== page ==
In an interview with Automotive News, Mr. LaNeve said he wants to push Chevrolet cars as a "smart choice" offering a better price than its Asian rivals -- and comparable quality, too.
Communicating brand benefits
"You're paying a premium" with Japanese cars, Mr. LaNeve said. "You're not getting better quality, you're not getting better performance, you're not getting better fuel economy -- you're just paying a premium. We have got to get that communicated."
Mr. LaNeve said he has asked Chevrolet General Manager Ed Peper and Campbell-Ewald to improve the Chevrolet car ads. His comments appear to be raising the pressure on Mr. Peper -- and Bill Ludwig, the agency's chief creative officer.
Through May, Chevrolet sold 333,420 cars, down 0.6% compared with the year-ago period. Through that same period, Chevrolet truck sales were off 4.6%.
Analysts blame the falling truck sales on high gasoline prices and a decline in the truck segment rather than on the brand's truck ads.
Could jolt ad industry
Mr. LaNeve's wake-up call seems likely to send shock waves through the advertising community. Last year Chevrolet spent $756 million on advertising, more than any other GM brand. With that kind of spending comes pressure.
Campbell-Ewald has handled Chevrolet's advertising since 1922. And in recent years it has created such memorable spots as Bob Seger's "Like a Rock" truck ads, "An American Revolution," the "Heartbeat of America" tagline and Chevy's current "This Is Our Country" campaign for the Silverado pickup.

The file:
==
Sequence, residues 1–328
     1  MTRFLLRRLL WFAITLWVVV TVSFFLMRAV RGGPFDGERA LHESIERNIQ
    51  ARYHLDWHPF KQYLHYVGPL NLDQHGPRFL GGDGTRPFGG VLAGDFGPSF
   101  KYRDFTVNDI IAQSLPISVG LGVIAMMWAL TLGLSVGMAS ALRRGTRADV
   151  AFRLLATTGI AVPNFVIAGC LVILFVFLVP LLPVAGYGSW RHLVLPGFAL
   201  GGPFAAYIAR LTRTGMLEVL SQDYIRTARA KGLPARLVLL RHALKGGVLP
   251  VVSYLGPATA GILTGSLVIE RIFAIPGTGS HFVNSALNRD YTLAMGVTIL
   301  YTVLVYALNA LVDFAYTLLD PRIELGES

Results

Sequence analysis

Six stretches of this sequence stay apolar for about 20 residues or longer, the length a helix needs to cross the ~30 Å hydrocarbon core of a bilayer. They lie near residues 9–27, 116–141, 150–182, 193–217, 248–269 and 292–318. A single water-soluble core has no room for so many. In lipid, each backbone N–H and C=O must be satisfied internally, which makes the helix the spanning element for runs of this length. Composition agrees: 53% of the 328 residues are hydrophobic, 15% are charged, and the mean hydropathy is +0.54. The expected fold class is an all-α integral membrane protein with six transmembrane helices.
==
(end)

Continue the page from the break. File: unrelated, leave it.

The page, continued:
But Mr. LaNeve has proved to be willing to shake up longstanding business relations. Last year Campbell-Ewald lost a piece of its Chevrolet business to Deutsch, Los Angeles. Deutsch handled negotiations for Chevrolet's 2006 Major League Baseball and motorsports ad campaigns.
Interview with agency nixed
Campbell-Ewald's Mr. Ludwig was willing to discuss his agency's work, but Chevrolet vetoed the interview and refused to make any car executives available.
Last June, Mr. LaNeve fired Cadillac's ad agency, Leo Burnett Detroit, and hired Modernista to do Cadillac's creative work. Leo Burnett had held the Cadillac account since 1935.
Burnett created Cadillac's "Breakthrough" spot featuring Led Zeppelin music that fueled Cadillac's turnaround and propelled Mr. LaNeve, then Cadillac's general manager, into the upper reaches of GM management. Yet Mr. LaNeve pulled the plug on Burnett once the Cadillac ads had grown stale.